Liberty Hill City Administrator Paul Brandenburg gave a presentation outlining the growth in the city as well as upcoming plans and future projects at the April 27 chamber of commerce luncheon.

“If you don’t manage the growth, the growth is going to manage you,” Brandenburg said at the luncheon.

Planning and projects

Phase 1 of the city’s new comprehensive plan is now complete. It included the launching of a comprehensive plan website, a community assessment, development proposals and surveys. As of late April, city staff is two months into the Phase 2 of the plan, which explores future growth, land use and parks.

The city’s last comprehensive plan was completed in 2014, Brandenburg said. The new comprehensive plan is anticipated to reach completion by the end of 2023.

Work on the Downtown Strategic Plan—which is aimed to reinvest in the downtown area—is underway, and it should also reach completion by the end of the year.

In January, Kimley-Horn was selected to work on the City Park Mini Masterplan, which is expected to be completed in August. The $48,000 masterplan will focus on redeveloping current city parks and searching for future park space in other areas.

City staff is working on developing a new city facility, Brandenburg said, which will likely be put in a bond package for spring 2024. The proposed facility would house the police department and municipal court—which would serve the dual role of a council chambers and additional meeting space, according to the city.

Also underway in the city’s Capital Improvement Plan, which in the past was only geared toward water and wastewater. This plan will be geared toward areas such as vehicles, facilities, equipment, and information and technology, and it is scheduled to be completed in May.

Water and wastewater

The city will be working on creating a Water and Wastewater Masterplan along with other projects to help Liberty Hill’s capacity.

Design and engineering has reached completion for the South Wastewater Interceptor project, and the construction contract for the Community Lift Station project has been awarded. Both of these projects will increase the wastewater capacity, allowing the city to handle it better, Brandenburg said.

As for water projects, the city is currently redrilling four wells that were previously closed down. Through these projects, the city is hoping to get more water.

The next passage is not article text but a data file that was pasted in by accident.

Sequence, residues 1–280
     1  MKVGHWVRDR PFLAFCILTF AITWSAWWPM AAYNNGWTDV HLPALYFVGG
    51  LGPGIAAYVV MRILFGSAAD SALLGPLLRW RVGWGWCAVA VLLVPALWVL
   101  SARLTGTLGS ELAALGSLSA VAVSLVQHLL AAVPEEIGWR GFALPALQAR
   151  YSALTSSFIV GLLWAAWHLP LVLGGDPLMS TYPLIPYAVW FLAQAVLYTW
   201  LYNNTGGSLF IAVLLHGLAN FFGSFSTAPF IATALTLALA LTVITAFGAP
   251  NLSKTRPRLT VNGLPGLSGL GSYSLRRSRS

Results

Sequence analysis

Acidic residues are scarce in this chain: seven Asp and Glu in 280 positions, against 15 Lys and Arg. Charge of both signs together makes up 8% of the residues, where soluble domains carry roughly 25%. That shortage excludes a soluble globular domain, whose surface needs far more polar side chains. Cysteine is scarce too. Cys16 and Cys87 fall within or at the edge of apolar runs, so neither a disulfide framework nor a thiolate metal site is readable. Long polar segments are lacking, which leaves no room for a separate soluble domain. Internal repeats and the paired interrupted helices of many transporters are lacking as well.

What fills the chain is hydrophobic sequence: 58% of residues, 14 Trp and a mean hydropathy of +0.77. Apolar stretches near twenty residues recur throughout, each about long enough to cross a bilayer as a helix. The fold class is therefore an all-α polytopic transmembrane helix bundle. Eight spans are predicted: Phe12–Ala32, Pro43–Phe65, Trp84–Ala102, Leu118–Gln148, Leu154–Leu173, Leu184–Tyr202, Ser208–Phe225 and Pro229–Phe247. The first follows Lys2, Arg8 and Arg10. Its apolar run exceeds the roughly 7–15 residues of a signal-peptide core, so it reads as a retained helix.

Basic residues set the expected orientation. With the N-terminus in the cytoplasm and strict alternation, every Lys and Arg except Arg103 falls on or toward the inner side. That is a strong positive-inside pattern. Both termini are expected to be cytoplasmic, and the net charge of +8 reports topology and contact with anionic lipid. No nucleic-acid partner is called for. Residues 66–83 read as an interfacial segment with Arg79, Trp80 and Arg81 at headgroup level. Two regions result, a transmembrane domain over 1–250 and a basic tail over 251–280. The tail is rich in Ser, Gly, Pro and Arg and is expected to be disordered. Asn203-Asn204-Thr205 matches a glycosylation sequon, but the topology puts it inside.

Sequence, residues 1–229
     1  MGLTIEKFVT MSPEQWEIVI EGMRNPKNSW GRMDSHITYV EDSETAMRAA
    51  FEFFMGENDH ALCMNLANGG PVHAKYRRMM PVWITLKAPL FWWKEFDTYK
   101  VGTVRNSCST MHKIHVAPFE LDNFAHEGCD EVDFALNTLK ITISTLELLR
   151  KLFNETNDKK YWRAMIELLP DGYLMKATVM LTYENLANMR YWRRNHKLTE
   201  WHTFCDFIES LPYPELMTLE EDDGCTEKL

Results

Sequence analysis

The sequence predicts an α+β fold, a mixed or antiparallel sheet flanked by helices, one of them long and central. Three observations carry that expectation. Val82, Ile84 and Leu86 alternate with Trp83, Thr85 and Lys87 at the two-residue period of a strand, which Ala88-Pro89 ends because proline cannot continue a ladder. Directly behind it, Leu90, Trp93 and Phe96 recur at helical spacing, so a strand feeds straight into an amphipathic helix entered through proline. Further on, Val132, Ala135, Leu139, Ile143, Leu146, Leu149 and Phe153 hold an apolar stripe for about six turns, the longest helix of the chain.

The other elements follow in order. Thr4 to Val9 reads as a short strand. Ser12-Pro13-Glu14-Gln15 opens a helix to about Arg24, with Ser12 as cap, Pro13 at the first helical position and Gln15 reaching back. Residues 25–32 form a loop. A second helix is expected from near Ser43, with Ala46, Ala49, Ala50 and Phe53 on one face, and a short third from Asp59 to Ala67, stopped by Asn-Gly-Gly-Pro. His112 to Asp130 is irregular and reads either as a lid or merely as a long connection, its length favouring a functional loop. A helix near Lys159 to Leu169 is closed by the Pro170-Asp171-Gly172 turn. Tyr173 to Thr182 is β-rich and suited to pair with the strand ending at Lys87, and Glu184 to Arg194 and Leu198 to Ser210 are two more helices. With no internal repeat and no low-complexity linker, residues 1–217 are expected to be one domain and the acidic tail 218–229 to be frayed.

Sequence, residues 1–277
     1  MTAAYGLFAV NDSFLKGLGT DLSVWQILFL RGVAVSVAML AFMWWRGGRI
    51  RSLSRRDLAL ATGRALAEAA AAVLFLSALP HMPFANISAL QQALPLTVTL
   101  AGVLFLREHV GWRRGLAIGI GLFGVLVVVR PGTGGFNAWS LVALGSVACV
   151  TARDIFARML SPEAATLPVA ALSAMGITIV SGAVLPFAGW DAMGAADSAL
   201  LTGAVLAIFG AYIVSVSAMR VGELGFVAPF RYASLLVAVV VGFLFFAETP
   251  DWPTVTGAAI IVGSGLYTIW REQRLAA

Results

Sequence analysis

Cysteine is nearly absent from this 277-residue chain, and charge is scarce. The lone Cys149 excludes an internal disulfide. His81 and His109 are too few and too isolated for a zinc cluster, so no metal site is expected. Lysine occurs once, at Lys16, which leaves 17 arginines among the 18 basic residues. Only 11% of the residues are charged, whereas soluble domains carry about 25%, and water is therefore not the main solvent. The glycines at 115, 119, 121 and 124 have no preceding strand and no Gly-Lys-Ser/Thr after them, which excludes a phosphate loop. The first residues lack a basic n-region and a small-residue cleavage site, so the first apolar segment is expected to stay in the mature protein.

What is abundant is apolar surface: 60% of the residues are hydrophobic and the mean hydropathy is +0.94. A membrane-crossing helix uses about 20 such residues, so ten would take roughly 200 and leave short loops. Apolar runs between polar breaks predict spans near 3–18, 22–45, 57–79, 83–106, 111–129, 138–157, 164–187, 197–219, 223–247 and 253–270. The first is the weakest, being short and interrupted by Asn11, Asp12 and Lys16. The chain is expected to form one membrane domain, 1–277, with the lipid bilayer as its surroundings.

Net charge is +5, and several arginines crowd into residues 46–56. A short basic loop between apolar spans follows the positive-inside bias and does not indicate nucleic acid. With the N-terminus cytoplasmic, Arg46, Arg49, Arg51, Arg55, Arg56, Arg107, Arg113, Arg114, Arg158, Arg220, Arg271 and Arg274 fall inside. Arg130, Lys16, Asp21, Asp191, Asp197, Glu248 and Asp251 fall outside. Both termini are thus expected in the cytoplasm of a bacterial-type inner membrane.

“I want to be able to have a diversified portfolio of water and not just in one basket,” Brandenburg said. “We’re just trying to wean ourselves off that reliance.”


The city is paying for three projects out of its general fund budget, which include:

  • Stonewall extension: The east entrance to the Liberty Parke neighborhood will be realigned with the existing traffic signal at Stonewall Parkway along SH 29 to ensure residents can safely enter and exit.
  • Bailey Lane alignment: Loop 332 will be realigned to Bailey Lane, and traffic lights will be implemented, allowing residents to safely enter and exit onto SH 29.
  • Main street roundabout: The roundabout at the CR 279 and Loop 332 intersection is aimed to improve operational efficiency by increasing traffic flow, slowing down traffic through downtown and decreasing vehicular pollution, in turn making the intersection safer.
All of these projects are either in planning or beginning construction soon.

On April 12, council approved three projects for consideration in Williamson County’s potential road and park bond election in November. Council recommended the following projects to be included in county’s November 2023 Road Bond: Southwest Bypass (all phases); Long Run Road; and an extra mile of pathways to connect county paths to Liberty Hill.

The bypass would allow commuters to go around Hwy. 29 as well as act as a designated truck route for the city. The Long Run Road project stretching from CR 214 to US 183 will consist of widening the existing lanes and constructing a new roadway, according to city documents.

Economic development planning

In March, the city wrapped up its Economic Development Corporation Strategic Plan, which is a three-year action plan to further Liberty Hill’s development.

Year one is foundational, focusing on building effective organizational processes, identify marketable, shovel-ready sites, create needed community response and outreach information and other objectives, said Mary Poche, Liberty Hill economic development executive director.

Liberty Hill will also be working on becoming a Home Rule City, which allows cities to manage at their own level with minimal interference from the state. Because Liberty Hill’s population has grown over 5,000, the Texas Constitution allows the city to establish its own rules for municipal government by adopting a Home Rule Charter, according to city documents.

Council voted to establish a Home Rule Charter commission in late March.

“I’m very excited for the future for the city of Liberty Hill,” Liberty Hill ISD Superintendent Steve Snell said.